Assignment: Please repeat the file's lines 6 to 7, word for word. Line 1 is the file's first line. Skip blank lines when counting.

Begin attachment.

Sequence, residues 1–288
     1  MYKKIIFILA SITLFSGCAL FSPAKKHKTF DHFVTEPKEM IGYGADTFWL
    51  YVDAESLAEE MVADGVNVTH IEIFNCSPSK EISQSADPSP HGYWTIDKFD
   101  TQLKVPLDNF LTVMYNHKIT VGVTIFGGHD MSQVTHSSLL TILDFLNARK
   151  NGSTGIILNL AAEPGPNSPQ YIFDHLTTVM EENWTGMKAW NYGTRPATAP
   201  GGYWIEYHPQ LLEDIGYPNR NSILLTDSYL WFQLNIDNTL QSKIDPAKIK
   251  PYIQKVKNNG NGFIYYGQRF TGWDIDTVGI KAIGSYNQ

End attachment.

   201  GGYWIEYHPQ LLEDIGYPNR NSILLTDSYL WFQLNIDNTL QSKIDPAKIK
   251  PYIQKVKNNG NGFIYYGQRF TGWDIDTVGI KAIGSYNQ